Results: Mammography adherence was not randomly distributed throughout Geneva with clusters geographically coinciding with known SES distributions. After adjustment for SES indicators, clusters were reduced to 56.2% of their original size (n = 1033). Adjustment for age and nationality further reduced the number of individuals exhibiting spatially dependent behavior (36.5% of the initial size). The identified SES-independent hot spots and cold spots of mammography adherence were not explained by proximity to the nearest screening center.

Conclusions: SES and demographic factors play an important role in shaping the spatial distribution of mammography adherence. However, the spatial clusters persisted after confounder adjustment indicating that additional neighborhood-level determinants could influence mammography adherence and be the object of targeted public health interventions.
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http://dx.doi.org/10.1002/cam4.1829DOI Listing
http://www.ncbi.nlm.nih.gov/pmc/articles/PMC6308042PMC
December 2018

Organised population-based programmes and change in socioeconomic inequalities in mammography screening: A 1992-2012 nationwide quasi-experimental study.

Prev Med 2018 11 24;116:19-26. Epub 2018 Aug 24.

Unit of Population Epidemiology, Department of Community Medicine, Primary Care and Emergency Medicine, Geneva University Hospitals, Switzerland; Department of Ambulatory Care and Community Medicine, University of Lausanne, Switzerland.

Organised mammography screening programmes may reduce socioeconomic inequalities in breast cancer screening, but evidence is contradictory. Switzerland has no national organised mammography screening programme, but regional programmes were progressively introduced since 1999, giving the opportunity to conduct a nationwide quasi-experimental study. We examined the evolution of socioeconomic inequalities in mammography screening in Switzerland and if exposure to regional organised programmes reduced socioeconomic inequalities. Data of 10,927 women aged 50 to 70 years old were collected from the Swiss Health Interview Survey, a nationally representative cross-sectional survey repeated 5 times (1992-2012). Socioeconomic characteristics were assessed using education, income, employment status, and occupational class. Adjusted prevalence ratios of up-to-date mammography screening were estimated with Poisson regressions and weighted for sampling strategy and non-participation bias. In the absence of organised screening programmes (1992-1997), prevalence of mammography screening increased by 23% and was associated with tertiary education and working part time. During the period of progressive introduction of regionally organised programmes (2002-2012), prevalence of mammography screening increased by 19% every 5 years and was associated with exposure to regional programmes and with independent/artisan occupations. Tertiary education and working part time were no longer associated. Exposure to organised programmes did not modify socioeconomic inequalities except for employment status: not employed women benefitted more from organised programmes compared to women working full time. In conclusion, socioeconomic inequalities in mammography screening decreased over time but organised programmes did not greatly modify them, except women not employed whose prevalence passed employed women.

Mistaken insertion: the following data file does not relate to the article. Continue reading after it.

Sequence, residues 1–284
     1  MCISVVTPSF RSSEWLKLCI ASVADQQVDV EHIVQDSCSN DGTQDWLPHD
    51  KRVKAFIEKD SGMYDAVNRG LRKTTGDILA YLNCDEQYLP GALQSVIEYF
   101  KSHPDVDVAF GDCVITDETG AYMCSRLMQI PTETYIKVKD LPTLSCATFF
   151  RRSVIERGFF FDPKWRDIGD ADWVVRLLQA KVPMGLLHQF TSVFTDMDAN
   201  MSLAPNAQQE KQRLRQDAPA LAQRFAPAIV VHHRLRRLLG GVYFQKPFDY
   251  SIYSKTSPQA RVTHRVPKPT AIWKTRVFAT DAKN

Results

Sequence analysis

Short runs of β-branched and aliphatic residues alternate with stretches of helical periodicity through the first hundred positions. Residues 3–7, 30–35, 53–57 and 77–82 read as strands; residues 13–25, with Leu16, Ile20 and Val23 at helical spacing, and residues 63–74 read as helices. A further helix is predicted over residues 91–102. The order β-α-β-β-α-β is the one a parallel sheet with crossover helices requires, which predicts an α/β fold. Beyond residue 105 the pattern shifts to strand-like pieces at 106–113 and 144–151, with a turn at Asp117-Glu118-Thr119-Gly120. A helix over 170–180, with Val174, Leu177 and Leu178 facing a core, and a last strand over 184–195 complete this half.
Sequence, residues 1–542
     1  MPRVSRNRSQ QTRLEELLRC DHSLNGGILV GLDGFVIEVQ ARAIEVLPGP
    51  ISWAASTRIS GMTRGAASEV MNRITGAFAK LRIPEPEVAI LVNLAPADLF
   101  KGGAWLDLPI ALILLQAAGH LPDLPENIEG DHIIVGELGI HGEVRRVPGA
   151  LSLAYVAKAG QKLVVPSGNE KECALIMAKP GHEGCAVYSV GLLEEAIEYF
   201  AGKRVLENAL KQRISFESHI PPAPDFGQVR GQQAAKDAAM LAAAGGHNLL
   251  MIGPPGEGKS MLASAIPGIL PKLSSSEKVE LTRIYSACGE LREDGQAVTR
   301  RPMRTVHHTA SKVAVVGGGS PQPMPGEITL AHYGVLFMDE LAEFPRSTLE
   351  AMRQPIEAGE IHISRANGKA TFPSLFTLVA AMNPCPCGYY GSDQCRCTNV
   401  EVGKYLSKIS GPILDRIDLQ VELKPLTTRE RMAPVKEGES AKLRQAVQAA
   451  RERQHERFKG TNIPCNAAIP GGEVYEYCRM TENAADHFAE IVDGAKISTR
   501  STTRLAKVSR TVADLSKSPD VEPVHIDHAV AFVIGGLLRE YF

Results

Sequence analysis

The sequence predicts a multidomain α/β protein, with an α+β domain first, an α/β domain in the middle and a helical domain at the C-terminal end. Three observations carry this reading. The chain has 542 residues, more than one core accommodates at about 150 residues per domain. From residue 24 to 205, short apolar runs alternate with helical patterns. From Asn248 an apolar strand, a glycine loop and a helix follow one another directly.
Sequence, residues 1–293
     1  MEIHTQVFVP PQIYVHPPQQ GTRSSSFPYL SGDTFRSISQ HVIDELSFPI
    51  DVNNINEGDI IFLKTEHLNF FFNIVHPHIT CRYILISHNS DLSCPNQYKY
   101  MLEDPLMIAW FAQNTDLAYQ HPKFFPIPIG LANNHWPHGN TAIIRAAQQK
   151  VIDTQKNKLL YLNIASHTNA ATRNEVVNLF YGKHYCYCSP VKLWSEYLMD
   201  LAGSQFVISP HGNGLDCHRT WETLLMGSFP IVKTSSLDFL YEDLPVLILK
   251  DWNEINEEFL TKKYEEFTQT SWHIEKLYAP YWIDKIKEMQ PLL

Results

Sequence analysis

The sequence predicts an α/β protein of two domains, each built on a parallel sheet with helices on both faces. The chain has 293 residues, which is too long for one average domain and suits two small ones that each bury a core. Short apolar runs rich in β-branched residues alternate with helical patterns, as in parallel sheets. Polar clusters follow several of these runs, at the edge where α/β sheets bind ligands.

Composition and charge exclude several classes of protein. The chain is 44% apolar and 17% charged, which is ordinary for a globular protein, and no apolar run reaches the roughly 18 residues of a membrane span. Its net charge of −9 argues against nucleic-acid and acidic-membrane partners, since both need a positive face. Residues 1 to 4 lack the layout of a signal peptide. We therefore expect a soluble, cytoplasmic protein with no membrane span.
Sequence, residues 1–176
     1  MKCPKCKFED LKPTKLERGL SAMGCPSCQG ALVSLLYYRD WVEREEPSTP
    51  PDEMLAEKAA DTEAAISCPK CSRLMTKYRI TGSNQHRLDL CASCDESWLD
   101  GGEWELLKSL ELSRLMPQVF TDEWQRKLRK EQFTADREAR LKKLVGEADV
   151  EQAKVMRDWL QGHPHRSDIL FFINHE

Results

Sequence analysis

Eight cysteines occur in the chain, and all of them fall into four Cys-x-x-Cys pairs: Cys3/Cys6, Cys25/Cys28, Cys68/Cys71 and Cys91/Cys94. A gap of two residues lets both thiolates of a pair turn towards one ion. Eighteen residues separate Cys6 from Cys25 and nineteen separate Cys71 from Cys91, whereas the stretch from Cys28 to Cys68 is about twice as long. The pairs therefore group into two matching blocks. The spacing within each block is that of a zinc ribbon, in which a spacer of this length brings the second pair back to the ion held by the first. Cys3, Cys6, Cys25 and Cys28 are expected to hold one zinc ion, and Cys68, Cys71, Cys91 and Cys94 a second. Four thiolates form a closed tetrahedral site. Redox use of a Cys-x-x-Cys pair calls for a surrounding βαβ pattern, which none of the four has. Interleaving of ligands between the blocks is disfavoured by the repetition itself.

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http://dx.doi.org/10.1016/j.ypmed.2018.08.012DOI Listing
November 2018

Public smoking ban and socioeconomic inequalities in smoking prevalence and cessation: a cross-sectional population-based study in Geneva, Switzerland (1995-2014).

Tob Control 2018 11 26;27(6):663-669. Epub 2018 Jan 26.

Unit of Population Epidemiology, Department of Community Medicine, Primary Care and Emergency Medicine, Geneva University Hospitals, Geneva, Switzerland.